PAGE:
Strangely perhaps, and unlike the South African-based book I read immediately before it, Frankie and Stankie (an accidental but most illuminating juxtaposition), this is by no means a political novel - in fact it seems to have no 'agenda' at all. It simply states the case for these two particular girls. As Matlwa says at the end of the book, this is just 'our story, told in our own words as we feel it everyday'.

The writing is in turns lyrical and dreamy and brutally yet unselfpityingly frank. And it is no accident that it has been taken up by academic linguists - one learns as much about the characters from their use of the English language as we do from what they actually say. Kopano Matlwa has an acutely keen ear.
The girls' stories offer no solutions and point towards much sadness and disappointment yet this is not a bleak or hopeless book. I found it both compelling as a story and full of the kind of insights which perhaps only fiction can deliver. Highly recommended.

You can read an excerpt from the book here , and see Kopano Matlwa herself reading from her novel in the video below.

Author photos by BOOKphotoSA


Susie Vereker said...

How interesting. I was fascinated by the language in the extract.

monix said...

This looks like a must-read, J. Another one to add to the list of excellent African literature you have recommended.

Juliet said...

Susie - I don't think I made enough of the language in the post, actually. It's so well done. One can really *hear* the characters speaking. Ofilwe's mother, for example, who has escaped from Township life via a fortunate marriage, makes little or no distinction between 'he' and 'she' when referring to other people and uses them interchangeably which presumably reflects the language which she has now abandoned.

M - It's an amazing piece of writing for one so young, and very haunting. It's been quite an African year for me, though it's entirely coincidental and I certainly didn't set out to join in the 'African Challenge' or have any other plans. My reading just hops around on a whim. But having recently read Salt & Honey and Frankie & Stankie, both set in the early years of apartheid, shed so much light on this one, which gives glimpses into aspects of the 'aftermath' of that nation's recent history which one does not really ever glean from reading more 'factual' books and articles.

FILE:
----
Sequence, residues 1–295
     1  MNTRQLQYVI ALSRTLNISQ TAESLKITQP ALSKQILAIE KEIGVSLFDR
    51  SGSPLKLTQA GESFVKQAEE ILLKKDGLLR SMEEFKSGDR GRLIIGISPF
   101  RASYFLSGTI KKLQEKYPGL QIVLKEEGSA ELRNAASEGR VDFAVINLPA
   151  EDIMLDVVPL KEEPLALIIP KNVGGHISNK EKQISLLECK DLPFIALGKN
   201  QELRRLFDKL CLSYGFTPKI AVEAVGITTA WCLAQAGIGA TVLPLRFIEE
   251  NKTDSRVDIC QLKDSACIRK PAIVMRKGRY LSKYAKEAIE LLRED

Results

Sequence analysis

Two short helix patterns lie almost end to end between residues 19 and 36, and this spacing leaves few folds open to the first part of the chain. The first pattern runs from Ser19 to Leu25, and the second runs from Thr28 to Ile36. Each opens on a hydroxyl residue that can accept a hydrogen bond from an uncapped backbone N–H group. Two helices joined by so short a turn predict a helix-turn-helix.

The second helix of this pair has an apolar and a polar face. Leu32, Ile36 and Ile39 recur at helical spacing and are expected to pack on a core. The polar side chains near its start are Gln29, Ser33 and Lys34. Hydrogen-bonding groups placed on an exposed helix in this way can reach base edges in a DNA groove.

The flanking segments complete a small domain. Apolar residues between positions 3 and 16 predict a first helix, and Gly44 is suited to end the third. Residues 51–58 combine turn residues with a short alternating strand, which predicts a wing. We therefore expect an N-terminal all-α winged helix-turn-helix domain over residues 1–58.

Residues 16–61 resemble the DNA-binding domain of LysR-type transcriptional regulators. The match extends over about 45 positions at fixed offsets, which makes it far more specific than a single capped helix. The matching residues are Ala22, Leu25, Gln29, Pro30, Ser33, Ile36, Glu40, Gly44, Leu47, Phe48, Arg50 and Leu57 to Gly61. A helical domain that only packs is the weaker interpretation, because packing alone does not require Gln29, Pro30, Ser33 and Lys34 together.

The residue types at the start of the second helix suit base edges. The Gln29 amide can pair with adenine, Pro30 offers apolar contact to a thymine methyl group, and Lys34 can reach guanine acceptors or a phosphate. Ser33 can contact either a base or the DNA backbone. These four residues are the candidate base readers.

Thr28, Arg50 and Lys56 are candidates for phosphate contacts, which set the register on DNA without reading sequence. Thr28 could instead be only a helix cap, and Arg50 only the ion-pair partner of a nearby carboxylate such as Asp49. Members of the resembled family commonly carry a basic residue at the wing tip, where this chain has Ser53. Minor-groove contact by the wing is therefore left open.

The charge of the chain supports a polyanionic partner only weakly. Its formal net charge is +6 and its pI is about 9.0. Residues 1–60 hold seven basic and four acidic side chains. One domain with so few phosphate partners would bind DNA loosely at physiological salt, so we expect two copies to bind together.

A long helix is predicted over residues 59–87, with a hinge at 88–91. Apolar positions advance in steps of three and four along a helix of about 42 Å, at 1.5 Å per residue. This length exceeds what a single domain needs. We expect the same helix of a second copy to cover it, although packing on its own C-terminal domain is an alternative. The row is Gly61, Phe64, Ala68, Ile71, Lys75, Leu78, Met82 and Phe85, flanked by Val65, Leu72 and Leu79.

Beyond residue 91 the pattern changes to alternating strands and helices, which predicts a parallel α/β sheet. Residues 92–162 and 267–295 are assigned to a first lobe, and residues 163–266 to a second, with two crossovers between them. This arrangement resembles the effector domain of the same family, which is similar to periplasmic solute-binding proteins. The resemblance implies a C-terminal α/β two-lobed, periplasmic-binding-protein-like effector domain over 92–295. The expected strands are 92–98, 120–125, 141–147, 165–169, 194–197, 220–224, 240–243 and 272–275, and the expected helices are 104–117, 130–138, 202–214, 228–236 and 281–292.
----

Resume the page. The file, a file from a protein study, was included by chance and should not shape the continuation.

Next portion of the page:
Martin Edwards said...

What you don't say, Juliet, but I will presume to say it for you, is that you really care about your editing work and that is the secret of being a great editor. I'd published plenty of non-fiction before I wrote the fourth edition of the Equal Opps Handbook, but suffice to say that, when I received your comments on the ms, I was greatly struck by the quality of the work you had done. I've had good editors in fiction, but in non-fiction they aren't too common. You did a great job on the book, and I thank you for it.

Juliet said...

Aw, *blush*! Thanks. Now I feel as though I'm the 'solicitor' round here!

As I said - stumbling upon good novelists (or indeed *any* novelists!) has not been a frequent perk of my day job, but those rare instances have all been significant. I must have read over a dozen of your novels in the past 12 months, Martin, and I'm pretty sure the only writer who beats that record in my reading lifetime is ... Shakespeare!!! :-)

60GoingOn16 said...

Thanks for this, J. There's a wealth of exceptionally good writing coming put of Africa - from north to south and from east to west. Nigerian writer, Chinua Achebe - credited by Chimananda Ngozi Adiche (Purple Hibiscus/Half of a Yellow Sun) as being a major influence - is wonderful.

And, although I haven't read it, Unconfessed by Yvette Christianse, comes highly recommended. This is what her fellow South African writer Gabeba Baderoon says about it: ". . . a luminous novel set in nineteenth century Cape Town. The startling story, drawn directly from the archives, is told through the perspective of a woman looking at the city from Robben Island. The prose shimmers." I'm hoping my Kalk Bay friend will bring a copy with her when she visits in August!

Juliet said...

D - these certainly sound excellent - I shall have to investigate. Thanks for the recommendations.